Hydrogen Peroxide and Dogs – The Do’s and Don’Ts

Hydrogen peroxide and dogs

Many people are aware that it is possible to induce vomiting in dogs by using hydrogen peroxide. But using hydrogen peroxide is not without potential complications, and there are alternatives.

Hydrogen peroxide works by creating enough irritation to the mouth, esophagus and stomach lining that vomiting occurs. Mild side effects to hydrogen peroxide ingestion can include continued vomiting or poor appetite.

When this occurs, the patient is typically treated with antacids and stomach protectants until the gut has a chance to heal.

In rare cases, however, the side effects do not stop at mild irritation. Severe gastritis, or inflammation of the stomach, can occur, followed by ulceration and bleeding. Although very rare, pets have died from internal bleeding due to hydrogen peroxide toxicity.

giving hydrogen peroxide to a dog

Another potential but rare side effect of hydrogen peroxide ingestion is a gas emboli, an air clot in the blood vessels. Hydrogen peroxide will release oxygen when it reacts with tissue. This excess release of gas can be taken up by the inflamed stomach tissue, leading to this potentially fatal complication.

There are safer alternatives to using hydrogen peroxide to induce vomiting. Veterinarians will often give a medication called apomorphine to dogs, which is typically very effective in inducing vomiting. This medication is given through an IV. Alternatively, a small tablet can be placed under the lower eyelid for absorption. Rather than creating inflammation in the stomach, the drug stimulates the nausea centers of the brain and causes vomiting.

Ideally, if your dog has ingested something toxic, it is safer to bring him to the veterinarian than to induce vomiting at home. But there may be times when the risks of not inducing vomiting outweigh the risks of gastrointestinal irritation from hydrogen peroxide.

If your pet has ingested something extremely toxic, like rat poison, and you cannot bring your dog to a veterinary clinic in a timely manner, then using hydrogen peroxide would be a better choice then allowing that poison to be absorbed. Because there may be some emergency situations in which hydrogen peroxide is the better choice than not vomiting at all, it is important to know the proper way to use hydrogen peroxide.

Dog vets

The first thing to know is that you should never use hydrogen peroxide that is more concentrated then 3 percent. For example, 10 percent hydrogen peroxide is extremely corrosive to the gastrointestinal lining and should never be used.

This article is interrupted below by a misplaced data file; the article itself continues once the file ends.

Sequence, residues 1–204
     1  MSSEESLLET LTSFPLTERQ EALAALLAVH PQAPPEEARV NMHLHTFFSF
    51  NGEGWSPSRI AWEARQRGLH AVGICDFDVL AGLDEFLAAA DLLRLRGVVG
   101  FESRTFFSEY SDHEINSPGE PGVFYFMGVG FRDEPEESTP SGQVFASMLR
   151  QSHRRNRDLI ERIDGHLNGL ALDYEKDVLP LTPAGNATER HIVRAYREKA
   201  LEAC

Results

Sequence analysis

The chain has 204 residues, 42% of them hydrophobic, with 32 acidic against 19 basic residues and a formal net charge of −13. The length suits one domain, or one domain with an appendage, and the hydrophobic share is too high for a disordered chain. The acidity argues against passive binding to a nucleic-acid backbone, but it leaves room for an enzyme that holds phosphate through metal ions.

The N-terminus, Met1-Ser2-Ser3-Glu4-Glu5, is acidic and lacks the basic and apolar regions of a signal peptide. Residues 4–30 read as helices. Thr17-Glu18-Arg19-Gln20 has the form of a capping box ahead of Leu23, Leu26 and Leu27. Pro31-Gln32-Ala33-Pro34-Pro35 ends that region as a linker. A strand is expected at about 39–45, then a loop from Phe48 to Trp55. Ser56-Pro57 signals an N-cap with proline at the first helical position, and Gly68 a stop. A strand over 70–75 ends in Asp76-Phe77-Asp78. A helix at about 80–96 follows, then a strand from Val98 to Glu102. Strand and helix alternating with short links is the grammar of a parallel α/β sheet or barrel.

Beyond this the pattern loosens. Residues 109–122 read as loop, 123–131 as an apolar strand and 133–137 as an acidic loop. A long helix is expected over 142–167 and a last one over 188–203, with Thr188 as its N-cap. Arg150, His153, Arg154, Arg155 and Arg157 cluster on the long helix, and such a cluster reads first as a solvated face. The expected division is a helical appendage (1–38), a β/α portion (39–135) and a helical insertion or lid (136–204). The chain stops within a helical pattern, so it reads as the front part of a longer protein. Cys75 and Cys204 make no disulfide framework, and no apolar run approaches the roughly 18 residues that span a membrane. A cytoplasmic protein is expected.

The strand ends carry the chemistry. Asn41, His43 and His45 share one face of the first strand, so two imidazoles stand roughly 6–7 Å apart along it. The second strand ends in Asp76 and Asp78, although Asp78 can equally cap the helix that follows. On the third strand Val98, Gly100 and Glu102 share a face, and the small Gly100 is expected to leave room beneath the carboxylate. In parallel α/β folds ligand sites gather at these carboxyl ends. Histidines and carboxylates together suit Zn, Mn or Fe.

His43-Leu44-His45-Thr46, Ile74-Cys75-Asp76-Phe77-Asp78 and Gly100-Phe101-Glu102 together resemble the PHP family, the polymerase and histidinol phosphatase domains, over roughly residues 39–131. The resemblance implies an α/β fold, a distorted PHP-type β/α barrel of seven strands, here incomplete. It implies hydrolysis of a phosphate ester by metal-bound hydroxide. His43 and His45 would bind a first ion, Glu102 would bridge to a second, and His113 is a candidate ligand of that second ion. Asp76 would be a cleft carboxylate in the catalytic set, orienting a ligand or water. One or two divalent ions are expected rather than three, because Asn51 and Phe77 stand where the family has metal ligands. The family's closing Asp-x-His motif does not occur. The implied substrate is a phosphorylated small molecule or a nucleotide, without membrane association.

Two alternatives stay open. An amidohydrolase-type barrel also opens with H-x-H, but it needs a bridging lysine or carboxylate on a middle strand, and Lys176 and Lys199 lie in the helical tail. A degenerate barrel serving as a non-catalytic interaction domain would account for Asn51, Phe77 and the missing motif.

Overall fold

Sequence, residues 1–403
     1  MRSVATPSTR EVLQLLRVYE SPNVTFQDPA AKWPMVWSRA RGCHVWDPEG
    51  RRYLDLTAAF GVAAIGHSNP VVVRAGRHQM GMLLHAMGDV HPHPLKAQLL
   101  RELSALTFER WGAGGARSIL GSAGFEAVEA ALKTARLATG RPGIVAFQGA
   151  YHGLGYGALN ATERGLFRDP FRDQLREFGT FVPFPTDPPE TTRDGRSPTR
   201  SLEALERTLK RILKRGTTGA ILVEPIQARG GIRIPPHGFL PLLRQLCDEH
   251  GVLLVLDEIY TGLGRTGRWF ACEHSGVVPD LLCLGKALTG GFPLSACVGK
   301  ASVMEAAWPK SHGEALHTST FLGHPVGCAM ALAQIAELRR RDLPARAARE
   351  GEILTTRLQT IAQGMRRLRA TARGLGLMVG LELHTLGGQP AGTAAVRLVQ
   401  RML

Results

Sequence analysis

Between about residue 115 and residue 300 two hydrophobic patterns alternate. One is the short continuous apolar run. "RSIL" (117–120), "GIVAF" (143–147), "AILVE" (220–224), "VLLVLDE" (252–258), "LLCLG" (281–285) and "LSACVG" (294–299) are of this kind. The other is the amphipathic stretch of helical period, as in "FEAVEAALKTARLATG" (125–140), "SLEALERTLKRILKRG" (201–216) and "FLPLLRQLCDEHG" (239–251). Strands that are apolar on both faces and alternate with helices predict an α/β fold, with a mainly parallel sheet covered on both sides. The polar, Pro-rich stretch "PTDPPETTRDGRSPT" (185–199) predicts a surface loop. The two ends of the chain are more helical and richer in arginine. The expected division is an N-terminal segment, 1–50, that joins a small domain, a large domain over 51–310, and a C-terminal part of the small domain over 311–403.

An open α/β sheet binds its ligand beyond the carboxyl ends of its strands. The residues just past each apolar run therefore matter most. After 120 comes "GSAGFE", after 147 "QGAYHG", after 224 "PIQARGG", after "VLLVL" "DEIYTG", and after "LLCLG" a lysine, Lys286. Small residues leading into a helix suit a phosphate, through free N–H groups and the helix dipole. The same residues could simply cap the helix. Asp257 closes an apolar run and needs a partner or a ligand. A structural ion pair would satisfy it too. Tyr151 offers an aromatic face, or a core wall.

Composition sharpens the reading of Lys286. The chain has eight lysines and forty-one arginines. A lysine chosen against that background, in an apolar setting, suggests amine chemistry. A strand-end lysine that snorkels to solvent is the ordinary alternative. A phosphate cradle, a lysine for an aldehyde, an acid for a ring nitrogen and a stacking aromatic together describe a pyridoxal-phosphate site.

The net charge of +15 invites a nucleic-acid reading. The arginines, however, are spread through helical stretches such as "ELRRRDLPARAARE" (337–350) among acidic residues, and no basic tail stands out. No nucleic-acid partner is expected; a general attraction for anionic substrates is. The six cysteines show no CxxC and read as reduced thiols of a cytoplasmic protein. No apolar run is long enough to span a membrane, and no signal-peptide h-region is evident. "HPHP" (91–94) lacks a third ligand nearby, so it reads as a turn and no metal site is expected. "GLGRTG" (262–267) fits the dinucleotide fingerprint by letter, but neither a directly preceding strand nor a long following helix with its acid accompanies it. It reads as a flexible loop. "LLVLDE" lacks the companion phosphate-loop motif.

The dose of 3 percent hydrogen peroxide is 1 milliliter per pound of dog. For example, a 20-pound dog would get 20 milliliters of hydrogen peroxide, or about 4 teaspoons.

If it has been more than 15 minutes after administration of the hydrogen peroxide and vomiting has not occurred, you may re-dose one more time. Do not continue to give your dog hydrogen peroxide if he is not vomiting. This could lead to an overdose and hydrogen peroxide toxicity. Not all dogs will vomit when given hydrogen peroxide.

There are times when it is contraindicated to induce vomiting — if, for example, your pet is seizing or extremely lethargic from the toxin he ingested. These animals are at high risk of aspirating hydrogen peroxide.

There are some substances that pets eat where it is worse for it to come back up. If your pet has ingested sharp objects, inducing vomiting may create risk for getting these items lodged in the esophagus.

Also, it should be noted that you should never give hydrogen peroxide to a cat.

If your pet has ingested something that you think may be toxic, you should call your veterinarian or Pet Poison Helpline for advice at 1-855-764-7661. (Note that there is a fee for Pet Poison Helpline).

Sometimes, the substance that your pet has eaten has a mild enough effect or it was at a small enough dose that vomiting isn’t even necessary.

When it comes to using hydrogen peroxide on your dog, it’s important to know the proper guidelines. But sometimes, even with the best intentions, things can go wrong. If your dog has elevated alkaline phosphatase levels, it may be a sign of a larger health issue.

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